There does seem to be a gleam of hope for a one-state solution. Rubi Rivlin, Speaker of the Knesset is the latest and most senior Israeli to go on record as saying it is unacceptable to go on offering the Palestinians nothing but permanent inferiority: 'Barak, Livni, Peres and recently Netanyahu are not even talking about a real state for the Palestinians. They’re talking about an autonomy with no army, borders, control over airspace or telecommunications... {but] you have the basic fact that contrary to Barak’s slogan — "We’re here and they’re there" — Jews and Arabs today live both here and there, on both sides of the Green line, especially in Jerusalem. Partitioning Jerusalem would lead to continuous bloodshed between segregated enclaves, like in Belfast some years ago. If there’s a threat to Jewish statehood, its less in a bi-national solution than in partitioning the land.'

Wednesday, 1 September 2010


Just watched Blair defending his record on TV. What a ghastly man. He still justifies his invasion of Iraq with the same old lies and evasions. On his domestic record his main regret is the Freedom of Information Act - one of the best thing his government did!He even claims 'credit' for the boom that led to the bust of 2008.

And now he is ready to support a military attack on Iran. Not a word of criticism of Israel's occupation and building of settlements, still less of Israel's nukes. He thinks it is the job of Britain and America to reform Muslim societies. He seems totally unaware of the history of British colonialism in the Middle East.

I hope nobody will buy his book, apart from political analysts and commentators who need to. Read a library copy if you must. He earns hundreds of thousands a year for jobs he shouldn't have - most notably 'Peace Envoy to the Middle East'. He doesn't deserve another penny.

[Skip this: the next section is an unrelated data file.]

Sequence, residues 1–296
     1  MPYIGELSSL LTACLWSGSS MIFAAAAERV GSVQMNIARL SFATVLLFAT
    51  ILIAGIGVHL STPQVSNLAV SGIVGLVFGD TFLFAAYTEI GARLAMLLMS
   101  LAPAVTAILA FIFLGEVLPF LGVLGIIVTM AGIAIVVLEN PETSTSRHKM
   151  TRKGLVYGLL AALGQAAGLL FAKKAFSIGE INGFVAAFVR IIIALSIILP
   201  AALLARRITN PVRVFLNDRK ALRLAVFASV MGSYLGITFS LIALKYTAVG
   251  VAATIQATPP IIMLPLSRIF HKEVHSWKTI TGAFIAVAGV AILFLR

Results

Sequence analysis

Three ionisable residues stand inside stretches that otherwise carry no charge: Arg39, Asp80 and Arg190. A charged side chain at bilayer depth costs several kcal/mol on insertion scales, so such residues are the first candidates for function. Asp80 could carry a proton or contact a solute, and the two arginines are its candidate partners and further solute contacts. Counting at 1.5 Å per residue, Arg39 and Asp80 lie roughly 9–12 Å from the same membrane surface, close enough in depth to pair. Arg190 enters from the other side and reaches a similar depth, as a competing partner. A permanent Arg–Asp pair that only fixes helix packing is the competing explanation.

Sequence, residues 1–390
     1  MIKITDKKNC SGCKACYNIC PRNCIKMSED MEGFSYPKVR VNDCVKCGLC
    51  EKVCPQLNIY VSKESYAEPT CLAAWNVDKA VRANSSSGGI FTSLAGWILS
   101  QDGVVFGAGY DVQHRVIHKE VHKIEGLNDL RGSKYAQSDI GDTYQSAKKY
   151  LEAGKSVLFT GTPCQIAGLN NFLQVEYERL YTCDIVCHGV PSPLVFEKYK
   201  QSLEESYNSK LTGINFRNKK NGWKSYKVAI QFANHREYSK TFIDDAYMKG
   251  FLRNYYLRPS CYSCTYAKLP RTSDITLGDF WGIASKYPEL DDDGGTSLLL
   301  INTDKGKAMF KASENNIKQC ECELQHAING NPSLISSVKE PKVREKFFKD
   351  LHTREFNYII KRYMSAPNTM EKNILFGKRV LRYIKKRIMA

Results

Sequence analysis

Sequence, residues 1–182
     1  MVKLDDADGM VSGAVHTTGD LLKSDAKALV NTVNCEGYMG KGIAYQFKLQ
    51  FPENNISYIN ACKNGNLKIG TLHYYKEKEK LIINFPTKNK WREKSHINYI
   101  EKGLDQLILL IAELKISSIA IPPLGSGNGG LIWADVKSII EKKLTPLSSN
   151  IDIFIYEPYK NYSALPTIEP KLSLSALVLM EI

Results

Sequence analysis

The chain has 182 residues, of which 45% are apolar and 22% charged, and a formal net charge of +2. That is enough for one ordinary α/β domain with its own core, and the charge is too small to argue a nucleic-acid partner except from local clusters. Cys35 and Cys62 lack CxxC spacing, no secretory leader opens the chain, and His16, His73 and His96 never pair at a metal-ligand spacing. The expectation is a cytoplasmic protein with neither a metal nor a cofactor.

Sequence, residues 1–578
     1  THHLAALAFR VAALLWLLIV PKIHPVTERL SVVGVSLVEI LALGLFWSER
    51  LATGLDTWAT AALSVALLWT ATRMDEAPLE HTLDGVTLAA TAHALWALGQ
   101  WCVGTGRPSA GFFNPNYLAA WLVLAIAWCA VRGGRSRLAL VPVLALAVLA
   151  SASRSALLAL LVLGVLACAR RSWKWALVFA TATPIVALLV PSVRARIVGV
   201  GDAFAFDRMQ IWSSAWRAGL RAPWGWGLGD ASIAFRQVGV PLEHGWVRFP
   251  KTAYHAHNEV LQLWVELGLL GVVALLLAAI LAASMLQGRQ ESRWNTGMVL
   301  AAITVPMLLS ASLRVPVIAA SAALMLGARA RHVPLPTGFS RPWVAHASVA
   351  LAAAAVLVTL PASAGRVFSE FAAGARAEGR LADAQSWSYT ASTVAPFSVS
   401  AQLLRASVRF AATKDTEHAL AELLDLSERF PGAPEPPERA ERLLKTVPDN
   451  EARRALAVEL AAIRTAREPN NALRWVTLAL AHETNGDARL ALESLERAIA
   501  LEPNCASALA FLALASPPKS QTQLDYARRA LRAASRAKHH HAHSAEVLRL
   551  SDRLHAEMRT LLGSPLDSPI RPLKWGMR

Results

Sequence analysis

Sunday, 29 August 2010


I haven't blogged for six weeks. Not knowing whether anybody ever reads me is quite a disincentive. Anyway, I must get something in before August is out.

I have been thinking about the word belonging, and I realize what a huge difference there is between saying 'I belong to this place' and 'This place belongs to me'. The first should be true of everybody, though it must be very hard if not impossible for a refugee to feel. The second should be obviously ridiculous. How can a transient little ego lay claim to a place?!

The point about belonging to a place is that it is the fundamental ecological fact. A place, with all its plants and animals and soil and stones and water, is what feeds each living thing. Ownership is quite different - an abstraction, a legal notion. So when the Chinese arrived in Tibet or the Indonesians in New Guinea or the Zionists in Palestine and said 'This place belongs to us', the unanswerable reply was 'We belong to this place'.

Wednesday, 28 July 2010

"If Israelis do not change their attitude and will continue with war, they will be expelled from there forever, just because Iran is militarily stronger. After all, isn't it how things are decided in Western world? If other nations will decide to interfere on behalf of Israel, Iran would have to use her nuclear arsenal. You should understand that we are fed up with you, guys, and if we have to go down we will, only we will take all of you with us. So, back off or die. There are no more choices."

Just what you expect from Ahmadinejad? Well, sorry, I cheated. Here is the actual text sent to me recently by an American acquaintance of mine - an immigrant from Russia:

"If Arabs do not change their attitude and will continue with war, they will be expelled from there forever, just because Israel is militarily stronger. After all, isn't it how things are decided in gentile world? If other nations will decide to interfere on behalf of Arabs, Israel would have to use her nuclear arsenal. You should understand that we are fed up with you, guys, and if we have to go down we will, only we will take all of you with us. Remember Gideon? Zealots? Masada? We'll do it again. So, back off or die. There are no more choices."

Thursday, 15 July 2010

Israeli art student scam